News Release

Eagle Nature Foundation, Ltd.

300 East Hickory Street, Apple River, IL 61001

Phone: 815-594-2306 Fax: 815-594-2305 Web Site:

e-mail: Tax Exempt No. 36-4015400

For Immediate Release Dec. 6, 2013

Ingram Nominated for an “Eagle Rare Life” Award

Terrence N. Ingram has been nominated to receive an “Eagle Rare Life” Award. The winner of this award will have $40,000 donated to his or her charity, which if he wins would be donated to the Eagle Nature Foundation.

Part of the decision will be made based on the number of votes his story will receive from the public before Jan. 8, 2014. His story and location to vote is found below. The story is the same one that can be found at the web location. After looking at the story at the web location below, there will be a place to vote for him at the end of the story. Members of the public may vote only once per story, per 24 hours. Online ballot stuffing is not permitted.

There have been about 120 other stories submitted. The top 20 stories of these will be judged by the Sponsor, who will determine which will be displayed on the Eagle Rare “Lead a Rare Life”.

Location to vote:

His Story

Terrence Ingram started studying bald eagles in 1962, while teaching physics and math at the University of Wisconsin, Platteville. In 1964, he received a research grant from the Southwestern Wisconsin Audubon Club to cover his expenses, while he donated his time to this research. When he received his notice during the Vietnam War from his draft board, he asked them if his service could be delayed for six months so he could complete his research. His draft board responded that there were many men dying for freedom, so at least one should be allowed to try to save the symbol of that freedom. He never heard from them again. He is the only person in the nation to be deferred from military service to save the bald eagle.

Since then he has devoted his life to trying to save the bald eagle by: conducting many research projects for the US Army, power companies, state DNRs and conservation organizations; saving vital bald eagle habitat through purchase or in court, trying to stop actions by government agencies that would destroy such habitat; and trying to develop an awareness on the part of the public about the plight and importance of the bald eagle.

His research on wintering eagles has located over 50 wintering bald eagle roosts throughout the Midwest. His efforts to save vital, endangered bald eagle habitat has resulted in saving eagle roosts at Eagle Valley Nature Preserve, Ferry Bluff Eagle Sanctuary, Oak Valley Eagle Preserve, Clarksville Island, Rice Lake Conservation Area, Savanna Army Depot, and Pere Marquette State Park.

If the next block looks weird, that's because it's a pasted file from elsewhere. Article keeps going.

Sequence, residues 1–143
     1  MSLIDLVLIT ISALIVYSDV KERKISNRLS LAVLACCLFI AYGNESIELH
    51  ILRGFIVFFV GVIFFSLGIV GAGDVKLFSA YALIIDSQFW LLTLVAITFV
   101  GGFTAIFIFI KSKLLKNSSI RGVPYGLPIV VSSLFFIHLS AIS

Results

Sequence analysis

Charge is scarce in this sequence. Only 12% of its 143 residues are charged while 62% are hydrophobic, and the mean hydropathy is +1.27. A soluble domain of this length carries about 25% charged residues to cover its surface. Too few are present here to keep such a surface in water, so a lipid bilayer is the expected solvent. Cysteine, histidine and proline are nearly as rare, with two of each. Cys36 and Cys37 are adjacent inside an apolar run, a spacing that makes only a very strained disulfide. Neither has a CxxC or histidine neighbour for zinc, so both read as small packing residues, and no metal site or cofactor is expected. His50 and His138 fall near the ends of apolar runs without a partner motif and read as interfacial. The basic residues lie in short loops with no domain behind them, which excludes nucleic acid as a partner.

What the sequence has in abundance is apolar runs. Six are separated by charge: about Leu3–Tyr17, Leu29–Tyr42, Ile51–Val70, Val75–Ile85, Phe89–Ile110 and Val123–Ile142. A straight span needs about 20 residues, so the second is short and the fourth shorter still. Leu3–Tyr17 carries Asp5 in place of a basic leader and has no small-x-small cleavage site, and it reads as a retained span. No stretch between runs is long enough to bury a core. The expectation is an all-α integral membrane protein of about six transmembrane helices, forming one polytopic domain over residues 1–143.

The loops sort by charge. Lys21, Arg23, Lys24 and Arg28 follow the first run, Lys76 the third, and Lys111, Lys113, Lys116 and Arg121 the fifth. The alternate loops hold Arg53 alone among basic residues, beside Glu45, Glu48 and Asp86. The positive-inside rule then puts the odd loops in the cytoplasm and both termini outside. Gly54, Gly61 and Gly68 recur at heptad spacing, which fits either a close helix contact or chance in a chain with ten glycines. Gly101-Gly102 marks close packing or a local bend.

To develop public awareness he wrote the coffee-table book, EAGLE, and is editor of the quarterly, Bald Eagle News. Since 1965 he has led annual bald eagle bus tours. In 2014 he has three bus tours scheduled for January and February. At one time he developed and was in charge of the nation’s second largest captive bald eagle breeding facility with 23 live injured bald eagles, which were on loan from the US Fish & Wildlife Service.

He originated Bald Eagle Days events in the Nation with the first one in Cassville, WI in 1967. Starting in 1970 he made it into an annual event and moved it from city to city when the event changed to International Bald Eagle Days. These events have been held in: Madison, WI; Platteville, WI; Chicago, IL; St. Louis, MO; Minneapolis, MN; Davenport, IA; Rochester, NY; Winnipeg, MB; Orlando, FL; Scottsdale, AZ; Dubuque, IA; Chattanooga, TN; and Rochester, MN. He has authored the Proceedings of seven of these IBEDs. He is planning another IBED in Kansas City, MO for 2014. These events have been emulated across the nation as other organizations and communities saw how popular the initial event was. Now each year there are over 50 such events conducted across the nation.

He started the Southwestern Wisconsin Audubon Club in 1961. He became President and Executive Director when it was incorporated as Eagle Valley Environmentalists in 1972, a position he has held through its name changes to The Eagle Foundation and the present Eagle Nature Foundation.

During these 50 years in order to devote so much time, effort and money to the bald eagle he has operated several businesses at the same time; Ingram Insurance Services, Eagleland Wildlife Consultants, Apple Creek Apiaries, Apple Creek Farm Supply, Eagleland Wildlife Photography, and publishes the monthly Small Beekeeper’s Journal.

He is a DVT, stroke, ` and cancer survivor, an “eagle rare life” indeed.

For more information contact: Terrence N. Ingram, Exec. Director, Eagle Nature Foundation, 300 East Hickory St., Apple River, IL 61001 Phone 815-594-2306

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